Why A Rear Facing Convertible Car Seat Is the (RECOMMENDED CAR SEAT) In 2018
Last Update October 27th, 2016 A rear facing convertible car seat has been found to be the best and safest convertible car seat according to many organization such as Consumer reports and safecar.gov.
Check out the best rear facing car seat for small car
Many of us do not know when to switch to a convertible car seat given that the carry on carrier seems so convenient.
A recent report by Consumer Reports which were carried out in accordance with state laws and new safety guidelines recommends that it is advisable to purchase a convertible car seat by the time your child is one.
Results Favor Rear Facing
According to the results of the study which is the second phase of tests to be done on rear facing car seats, many car seats in the market reflect expected levels of compliance with the new rating standards.
The objective of the tests were aimed at determining the capacity of different seats to protect the kid’s head in the instance of a crash.
The test is different from that carried out by governmental agencies that do not include tests for car seat safety when the child comes into contact with parts of the seat during a crash.
Head injuries are a critical component of safety and hence this report analyzes this aspect in terms of what happens when the child interacts with the back of the seat in a rear facing position.
Consumer Reports crash tested rear facing child car seats using a 22 pound dummy in place of a one year child. Only one seat of the 25 seats tested had the dummy banging their head against the back of the seat.
24 seats were tall enough and had enough room between the child’s head and back of the seat and hence the head never touched the front seat back.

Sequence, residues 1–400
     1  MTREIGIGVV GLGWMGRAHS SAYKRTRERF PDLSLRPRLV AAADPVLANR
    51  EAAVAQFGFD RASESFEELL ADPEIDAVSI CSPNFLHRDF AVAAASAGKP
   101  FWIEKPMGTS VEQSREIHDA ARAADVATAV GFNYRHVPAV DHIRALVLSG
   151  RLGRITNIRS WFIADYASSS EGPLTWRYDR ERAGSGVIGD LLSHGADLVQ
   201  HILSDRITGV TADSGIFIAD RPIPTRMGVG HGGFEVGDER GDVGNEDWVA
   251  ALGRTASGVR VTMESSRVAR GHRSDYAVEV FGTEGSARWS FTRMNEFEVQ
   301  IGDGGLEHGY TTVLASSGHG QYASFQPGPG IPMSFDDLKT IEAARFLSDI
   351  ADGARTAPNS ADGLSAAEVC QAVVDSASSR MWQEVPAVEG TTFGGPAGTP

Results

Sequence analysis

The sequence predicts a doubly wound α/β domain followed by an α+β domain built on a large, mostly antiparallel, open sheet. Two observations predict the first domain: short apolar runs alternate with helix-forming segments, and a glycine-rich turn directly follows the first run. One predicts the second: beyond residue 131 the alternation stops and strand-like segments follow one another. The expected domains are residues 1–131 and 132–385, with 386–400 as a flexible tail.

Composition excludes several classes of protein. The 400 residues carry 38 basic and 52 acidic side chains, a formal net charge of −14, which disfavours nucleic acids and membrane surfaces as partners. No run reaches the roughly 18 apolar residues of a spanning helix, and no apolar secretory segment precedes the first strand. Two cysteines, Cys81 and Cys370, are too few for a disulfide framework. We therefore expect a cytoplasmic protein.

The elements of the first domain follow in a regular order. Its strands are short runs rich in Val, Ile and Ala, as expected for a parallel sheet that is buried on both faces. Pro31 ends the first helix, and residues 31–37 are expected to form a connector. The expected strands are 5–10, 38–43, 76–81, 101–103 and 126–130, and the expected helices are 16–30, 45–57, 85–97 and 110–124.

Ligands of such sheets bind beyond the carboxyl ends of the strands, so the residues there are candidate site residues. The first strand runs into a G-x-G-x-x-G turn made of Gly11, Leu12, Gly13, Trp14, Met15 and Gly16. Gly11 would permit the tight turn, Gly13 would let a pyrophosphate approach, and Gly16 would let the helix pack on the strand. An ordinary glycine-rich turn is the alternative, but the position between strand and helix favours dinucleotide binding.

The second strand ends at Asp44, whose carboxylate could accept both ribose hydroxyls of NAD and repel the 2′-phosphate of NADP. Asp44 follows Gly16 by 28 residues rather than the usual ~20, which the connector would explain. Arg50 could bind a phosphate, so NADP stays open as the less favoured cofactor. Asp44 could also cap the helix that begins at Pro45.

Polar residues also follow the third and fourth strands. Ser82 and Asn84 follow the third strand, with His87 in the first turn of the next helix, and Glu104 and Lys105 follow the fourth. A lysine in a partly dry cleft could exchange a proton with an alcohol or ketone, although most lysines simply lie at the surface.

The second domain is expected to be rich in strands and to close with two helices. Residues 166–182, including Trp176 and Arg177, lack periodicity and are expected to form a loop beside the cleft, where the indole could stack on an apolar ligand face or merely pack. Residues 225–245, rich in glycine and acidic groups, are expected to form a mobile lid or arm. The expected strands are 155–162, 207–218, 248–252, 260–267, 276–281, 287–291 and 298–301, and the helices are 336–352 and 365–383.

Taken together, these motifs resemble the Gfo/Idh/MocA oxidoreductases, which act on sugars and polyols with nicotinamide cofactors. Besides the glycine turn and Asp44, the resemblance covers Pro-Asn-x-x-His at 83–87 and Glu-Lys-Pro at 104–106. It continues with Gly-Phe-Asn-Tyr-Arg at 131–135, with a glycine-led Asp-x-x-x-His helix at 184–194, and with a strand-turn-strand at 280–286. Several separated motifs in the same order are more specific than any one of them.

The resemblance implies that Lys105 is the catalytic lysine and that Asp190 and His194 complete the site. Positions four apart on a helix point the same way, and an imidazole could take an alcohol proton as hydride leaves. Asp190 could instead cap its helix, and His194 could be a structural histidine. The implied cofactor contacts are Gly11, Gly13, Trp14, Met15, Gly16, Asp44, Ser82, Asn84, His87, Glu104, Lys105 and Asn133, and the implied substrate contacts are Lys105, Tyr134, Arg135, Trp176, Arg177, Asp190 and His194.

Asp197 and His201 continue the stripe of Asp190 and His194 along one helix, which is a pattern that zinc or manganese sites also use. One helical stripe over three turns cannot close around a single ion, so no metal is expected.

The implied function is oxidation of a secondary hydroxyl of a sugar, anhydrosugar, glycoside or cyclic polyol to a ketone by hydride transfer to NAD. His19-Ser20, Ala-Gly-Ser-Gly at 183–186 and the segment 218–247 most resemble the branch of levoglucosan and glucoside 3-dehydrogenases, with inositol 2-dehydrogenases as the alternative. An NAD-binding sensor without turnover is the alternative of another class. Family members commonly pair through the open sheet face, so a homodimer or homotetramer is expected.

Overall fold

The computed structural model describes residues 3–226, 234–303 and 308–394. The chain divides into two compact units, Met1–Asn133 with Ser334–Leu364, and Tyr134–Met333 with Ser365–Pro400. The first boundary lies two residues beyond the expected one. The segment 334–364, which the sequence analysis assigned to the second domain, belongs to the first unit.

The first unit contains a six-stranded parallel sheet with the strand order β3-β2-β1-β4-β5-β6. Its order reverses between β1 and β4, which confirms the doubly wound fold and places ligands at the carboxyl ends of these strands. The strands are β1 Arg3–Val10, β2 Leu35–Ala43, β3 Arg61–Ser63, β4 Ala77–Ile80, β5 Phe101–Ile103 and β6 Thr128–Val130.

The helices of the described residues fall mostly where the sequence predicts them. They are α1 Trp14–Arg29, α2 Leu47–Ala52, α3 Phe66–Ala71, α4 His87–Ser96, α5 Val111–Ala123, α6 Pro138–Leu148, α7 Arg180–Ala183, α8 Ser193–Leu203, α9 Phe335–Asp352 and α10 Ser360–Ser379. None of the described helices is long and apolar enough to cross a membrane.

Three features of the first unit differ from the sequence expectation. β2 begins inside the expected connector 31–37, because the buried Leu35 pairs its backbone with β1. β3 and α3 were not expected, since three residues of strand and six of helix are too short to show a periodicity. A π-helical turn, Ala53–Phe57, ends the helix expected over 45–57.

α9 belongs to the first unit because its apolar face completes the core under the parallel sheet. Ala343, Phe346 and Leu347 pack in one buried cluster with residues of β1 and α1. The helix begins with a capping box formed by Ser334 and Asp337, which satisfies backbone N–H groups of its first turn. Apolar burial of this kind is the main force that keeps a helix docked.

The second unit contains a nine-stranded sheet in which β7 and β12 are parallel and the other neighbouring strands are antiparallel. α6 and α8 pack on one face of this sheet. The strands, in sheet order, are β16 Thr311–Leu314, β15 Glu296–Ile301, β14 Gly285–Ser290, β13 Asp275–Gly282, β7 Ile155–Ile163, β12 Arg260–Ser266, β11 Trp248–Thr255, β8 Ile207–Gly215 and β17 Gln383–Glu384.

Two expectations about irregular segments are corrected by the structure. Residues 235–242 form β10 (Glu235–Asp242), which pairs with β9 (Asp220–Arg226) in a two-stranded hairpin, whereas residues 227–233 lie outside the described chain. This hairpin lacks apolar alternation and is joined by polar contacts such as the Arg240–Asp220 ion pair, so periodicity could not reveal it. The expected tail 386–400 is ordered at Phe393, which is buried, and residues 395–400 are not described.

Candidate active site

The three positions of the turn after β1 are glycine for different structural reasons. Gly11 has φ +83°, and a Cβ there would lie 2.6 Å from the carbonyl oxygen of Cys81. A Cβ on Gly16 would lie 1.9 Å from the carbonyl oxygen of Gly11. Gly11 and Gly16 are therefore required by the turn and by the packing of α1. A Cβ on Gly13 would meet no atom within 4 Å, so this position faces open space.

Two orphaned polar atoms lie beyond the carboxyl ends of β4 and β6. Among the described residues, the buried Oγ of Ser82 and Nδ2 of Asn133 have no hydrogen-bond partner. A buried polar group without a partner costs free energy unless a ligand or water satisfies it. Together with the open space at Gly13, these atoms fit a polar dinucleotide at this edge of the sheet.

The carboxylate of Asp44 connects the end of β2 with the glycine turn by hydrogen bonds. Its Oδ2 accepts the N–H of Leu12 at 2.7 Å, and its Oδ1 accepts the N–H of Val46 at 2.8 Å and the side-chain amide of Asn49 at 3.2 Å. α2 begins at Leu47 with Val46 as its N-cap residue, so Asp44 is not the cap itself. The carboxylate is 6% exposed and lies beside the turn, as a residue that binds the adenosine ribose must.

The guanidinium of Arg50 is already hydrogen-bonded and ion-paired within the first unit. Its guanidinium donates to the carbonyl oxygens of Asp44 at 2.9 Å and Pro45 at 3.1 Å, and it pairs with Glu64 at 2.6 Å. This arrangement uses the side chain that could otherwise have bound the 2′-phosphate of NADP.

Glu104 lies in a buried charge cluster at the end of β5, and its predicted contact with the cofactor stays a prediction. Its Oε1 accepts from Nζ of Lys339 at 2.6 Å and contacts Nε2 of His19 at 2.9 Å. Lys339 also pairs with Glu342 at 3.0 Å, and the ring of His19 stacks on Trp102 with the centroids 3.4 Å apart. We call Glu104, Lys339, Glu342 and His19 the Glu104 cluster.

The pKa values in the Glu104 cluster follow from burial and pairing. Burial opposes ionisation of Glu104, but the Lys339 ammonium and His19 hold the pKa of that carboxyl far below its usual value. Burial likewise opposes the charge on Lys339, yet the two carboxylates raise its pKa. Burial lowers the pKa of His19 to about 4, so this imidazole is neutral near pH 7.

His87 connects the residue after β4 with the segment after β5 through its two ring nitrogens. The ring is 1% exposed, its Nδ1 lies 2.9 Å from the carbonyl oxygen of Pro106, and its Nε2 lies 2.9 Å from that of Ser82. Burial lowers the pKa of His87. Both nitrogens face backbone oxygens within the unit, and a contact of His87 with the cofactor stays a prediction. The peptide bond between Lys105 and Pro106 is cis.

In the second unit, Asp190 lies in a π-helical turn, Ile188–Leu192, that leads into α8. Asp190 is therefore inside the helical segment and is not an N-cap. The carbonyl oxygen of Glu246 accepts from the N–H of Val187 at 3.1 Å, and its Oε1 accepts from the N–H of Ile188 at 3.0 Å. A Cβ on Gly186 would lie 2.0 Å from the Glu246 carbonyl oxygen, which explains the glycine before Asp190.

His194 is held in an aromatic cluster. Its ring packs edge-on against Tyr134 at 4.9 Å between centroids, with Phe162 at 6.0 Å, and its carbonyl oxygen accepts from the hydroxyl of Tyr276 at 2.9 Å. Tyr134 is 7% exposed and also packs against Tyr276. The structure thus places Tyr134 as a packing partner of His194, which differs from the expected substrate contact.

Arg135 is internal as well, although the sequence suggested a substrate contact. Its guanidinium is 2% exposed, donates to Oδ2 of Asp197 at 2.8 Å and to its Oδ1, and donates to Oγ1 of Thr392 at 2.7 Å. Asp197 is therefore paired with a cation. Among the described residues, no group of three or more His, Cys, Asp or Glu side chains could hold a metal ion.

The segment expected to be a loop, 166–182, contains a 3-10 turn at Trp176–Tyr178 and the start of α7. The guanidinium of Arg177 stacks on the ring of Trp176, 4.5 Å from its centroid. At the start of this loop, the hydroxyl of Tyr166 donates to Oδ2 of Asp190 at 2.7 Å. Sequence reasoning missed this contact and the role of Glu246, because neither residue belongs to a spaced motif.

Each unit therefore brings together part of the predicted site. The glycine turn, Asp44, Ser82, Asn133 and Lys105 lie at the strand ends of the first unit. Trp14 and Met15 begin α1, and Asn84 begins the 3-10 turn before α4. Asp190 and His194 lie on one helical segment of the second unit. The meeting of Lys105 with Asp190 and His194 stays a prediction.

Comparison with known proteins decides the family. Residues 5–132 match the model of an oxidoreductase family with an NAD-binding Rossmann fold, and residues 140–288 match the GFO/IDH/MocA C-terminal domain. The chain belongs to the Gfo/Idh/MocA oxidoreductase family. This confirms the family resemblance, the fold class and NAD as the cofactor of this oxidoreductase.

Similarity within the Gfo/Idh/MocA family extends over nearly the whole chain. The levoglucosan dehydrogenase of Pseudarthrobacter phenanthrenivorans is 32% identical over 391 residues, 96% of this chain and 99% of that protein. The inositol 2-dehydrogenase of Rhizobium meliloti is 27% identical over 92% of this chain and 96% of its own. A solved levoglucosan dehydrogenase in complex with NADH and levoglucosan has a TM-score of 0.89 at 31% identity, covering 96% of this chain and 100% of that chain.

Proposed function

The report also analyzes the seats according to ease of installation and use since as they assert that the even the best child car seats will not be fully effective in protecting your child in a car crash if they are not installed properly.
Implications of the Results
- Height of Car Seat is Critical. It was established that since many rear facing only child car seats weigh in at 30-35 pounds a parent may believe that these seats are adequate till the child exceeds that weight range. Nevertheless many children will be taller than those seats before they exceed those weight limits. As such the child should be on a convertible car seat by the time they reach one year to prevent such a scenario.
- There is a Need for one anyhow. A convertible car seat is essential if you are to keep your child rear facing until they attain the age of two. The American Academy of Pediatrics and Consumer Reports recommend children ride in rear facing mode until they are two.
- Best Safety for the child. The results of the report shows than an infant car seat is inferior as compared to a convertible car seat in protecting the head of the child.
- Safety Outweighs the Inconvenience. Most of use feel bad losing the portability and convenience of the infant carrier. However, with a growing child, the portable carrier becomes progressively heavier making it less appealing. The Journal of pediatrics established that letting a baby sleep in their baby car seat outside of the car is dangerous. As such we should not feel bad when we have to wake up the child to take them out of the rear facing seat since this is for their safety.
- Make the Switch ASAP. In order to benefit from greater head protection offered by a convertible car seat it is better to switch to a rear facing convertible car seat at no later an age than one.
A boon about this report is that it does not tell us to buy more seats but rather tells us to buy sooner what we will need further along anyway.
The Britax Marathon Clicktight and the Chicco NextFit were the top rated convertible car seats from the report.
While these are high end convertible car seats that are quite pricey, the report recommends the Cosco Scenera NEXT and the Evenflo Sure Ride as the cheaper best convertible car seats.
To ensure that you have installed your car seat properly, visit safekids.org for car seat checkup events near you.
Check out the Consumer Reports Video Tests